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Illinois Mayor Shares Long Winning Streak

Bob Butler, in his 11th term, is still praised as a straight-shooting public servant who has helped turn his town around.

October 23, 2005|Jim Suhr | Associated Press Writer

MARION, Ill. — Bob Butler had big dreams to fix this stumbling southern Illinois city when he took over as mayor.

It was 1963 and President Kennedy was still in office. The city faced having its lights shut off for an unpaid $6,000 electric bill. When the streets superintendent asked a store clerk to charge a $1.25 bundle of stakes to the city, the clerk put them back on the shelf.

"The town seemed to be drifting along in dire financial straits," Butler, 78, said of that first time he ran for mayor. "We were hanging on the rope, and I thought, goodness, we could do better."

The city has, and Butler has been at the helm ever since.

Many praise him as a straight-shooting, old-school public servant whose pro-growth agenda has helped turn this once-flagging city into a regional powerhouse along Interstate 57.

Now in his 11th term, Butler continues a streak as mayor that, according to some rankings, is among the nation's longest.

Some of Butler's defeated rivals still call him a friend and credit his accessibility, which includes handing out business cards that have his home telephone number.

"What I like about Bob is that he's given his whole life to the city. That's a fact," said David Hancock, a former Marion city commissioner who lost to Butler in 1995. "Bob has dedicated his being, so to speak, to this town. That's Bob's life.

"When Bob sets his mind to doing something, it gets done."

The city's population is more than 16,000, up about 30% since Butler first took office. During his tenure, the city has worked hard to court businesses and now has two industrial parks, one bearing Butler's name and featuring a Circuit City distribution center sprawling across 27 acres.

Under Butler's watch, Marion rebounded after a 1982 tornado that killed 10 people and caused about $50 million in damage. The city also rebuilt a downtown civic center that burned to the ground in 1997, and a minor league ballpark is expected to be built here by 2007.

The spry Butler has faced no opposition in the last two elections, although he insists: "I don't consider myself a kingfish."

Butler believes that he perhaps was born to run this city. His maternal grandfather was mayor here from 1923 to 1927, and was police chief for a time. Butler's father served on the local school board and city commission, then spent 16 years in the state Legislature during the 1940s and '50s.

Butler ran unsuccessfully for the state House once in the 1970s, convinced he could make a bigger difference from Springfield. Some suggest he lost that race because Marion voters deemed him too valuable as mayor.

"He's a fixture, and he'll be mayor as long as he wants to, because you can't argue with success," said Marion's long-term water commissioner, Robert "Dog" Connell, who ran unsuccessfully against Butler in 1971 in what Connell called a "personality contest" between two like-minded friends.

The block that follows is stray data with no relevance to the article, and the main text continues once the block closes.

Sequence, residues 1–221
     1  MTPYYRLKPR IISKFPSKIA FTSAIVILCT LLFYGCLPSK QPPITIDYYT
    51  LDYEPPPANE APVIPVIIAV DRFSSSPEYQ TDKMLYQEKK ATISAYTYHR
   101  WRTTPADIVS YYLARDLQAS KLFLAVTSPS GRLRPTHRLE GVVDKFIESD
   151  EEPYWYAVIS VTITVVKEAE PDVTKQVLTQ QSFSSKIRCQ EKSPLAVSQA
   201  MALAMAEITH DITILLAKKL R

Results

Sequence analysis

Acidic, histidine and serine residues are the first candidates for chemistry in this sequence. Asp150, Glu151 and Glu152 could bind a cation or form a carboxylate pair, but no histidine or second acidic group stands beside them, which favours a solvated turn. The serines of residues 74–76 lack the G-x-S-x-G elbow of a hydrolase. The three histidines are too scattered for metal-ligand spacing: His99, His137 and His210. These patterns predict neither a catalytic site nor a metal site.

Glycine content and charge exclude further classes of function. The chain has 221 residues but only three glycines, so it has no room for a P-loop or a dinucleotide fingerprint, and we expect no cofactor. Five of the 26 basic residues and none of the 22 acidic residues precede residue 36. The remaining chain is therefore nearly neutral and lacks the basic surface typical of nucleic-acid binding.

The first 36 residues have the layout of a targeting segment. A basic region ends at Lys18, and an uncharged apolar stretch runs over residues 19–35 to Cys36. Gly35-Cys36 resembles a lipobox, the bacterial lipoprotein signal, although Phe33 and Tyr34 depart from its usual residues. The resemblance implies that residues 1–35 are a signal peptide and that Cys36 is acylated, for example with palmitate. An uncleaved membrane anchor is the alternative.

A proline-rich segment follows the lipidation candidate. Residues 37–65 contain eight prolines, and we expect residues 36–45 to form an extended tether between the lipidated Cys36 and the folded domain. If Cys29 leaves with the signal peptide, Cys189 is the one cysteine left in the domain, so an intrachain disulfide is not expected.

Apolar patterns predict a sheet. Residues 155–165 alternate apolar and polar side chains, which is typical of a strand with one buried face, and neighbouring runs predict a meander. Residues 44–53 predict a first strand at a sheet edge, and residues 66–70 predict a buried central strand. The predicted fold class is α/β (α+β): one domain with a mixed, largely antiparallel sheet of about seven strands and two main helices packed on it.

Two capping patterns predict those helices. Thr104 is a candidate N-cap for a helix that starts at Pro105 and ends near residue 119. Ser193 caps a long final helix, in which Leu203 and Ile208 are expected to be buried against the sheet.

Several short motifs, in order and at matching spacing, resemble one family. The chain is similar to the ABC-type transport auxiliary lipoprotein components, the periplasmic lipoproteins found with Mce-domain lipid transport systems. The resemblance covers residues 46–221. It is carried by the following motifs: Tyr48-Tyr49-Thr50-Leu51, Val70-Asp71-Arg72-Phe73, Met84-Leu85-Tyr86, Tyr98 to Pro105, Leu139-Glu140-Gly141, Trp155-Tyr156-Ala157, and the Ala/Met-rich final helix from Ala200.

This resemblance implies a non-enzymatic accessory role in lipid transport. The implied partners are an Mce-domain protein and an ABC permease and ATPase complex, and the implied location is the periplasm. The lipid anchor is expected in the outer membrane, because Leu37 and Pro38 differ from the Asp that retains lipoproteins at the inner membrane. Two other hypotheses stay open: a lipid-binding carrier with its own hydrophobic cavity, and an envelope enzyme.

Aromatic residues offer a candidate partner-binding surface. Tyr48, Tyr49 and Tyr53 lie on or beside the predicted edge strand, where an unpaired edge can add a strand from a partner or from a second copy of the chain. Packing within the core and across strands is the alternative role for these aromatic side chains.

Two years later, Butler accomplished what he considers his crowning achievement. He urged city leaders to pay $15,000 for a vacant 1920s theater downtown and then got them to agree to spend 10 times that to turn it into a civic center.

When some branded that a waste, Butler often replied, "You very well may be right."

But when that civic center burned down in 1997, Butler said, locals watched helplessly, many of them weeping.

"The embers were still glowing when we put together a plan to rebuild," Butler said. "Seven years and $9 million later, we have the showplace of southern Illinois. And it all stems from that $15,000 purchase."

Butler can't help but gloat about the 44,000-square-foot, 1,065-seat gem used for a variety of performances, which in recent months included dance recitals, the Air Force Band and the ballet "Swan Lake."

"Fortunately more often than not I've been proven to be on the right track," Butler said.

"He pulls no punches," said Tim Petrowich, managing editor of the Marion Daily Republican. "With people who don't like him, what you hear is 'I don't like him, but he's doing a good job.'

"If you take a look at the growth in this city the last 10 or 15 years, it's been phenomenal."

To Butler, the recipe for that has been simple: Let businesses do their thing, provided it's not illegal, immoral, unsafe or against zoning.

"So often, when a business would come to town, they'd be burdened by regulations and rules as far as permits and what not. We cut through all that like a knife through hot butter," he said. "We keep regulation to a minimum."

Butler is quick to point out that he couldn't have shepherded Marion's growth over the last four decades without willing city commissioners. "Not every good idea has been mine," he said.

He counts himself among the technologically illiterate, preferring a simple yellow legal pad and No. 2 pencil over a computer. He doesn't have a cellphone.

Butler works a full day and often into the night, spending his spare time reading. On weekends, he enjoys rides through the countryside with Louetta Butler, his wife of 54 years.

"I have never liked the idea of being the mayor's wife. If somebody says anything against Bob, it upsets me," she said. "But I have told him that whatever makes him happy, do it."

Up for reelection in 2007, the self-professed Republican who holds a nonpartisan office isn't talking retirement.

"I thoroughly enjoy this," he said. "Any time I run, I think it's a referendum on what I'm doing. One thing I often say is that if reasonable people reason together, reasonable things happen."

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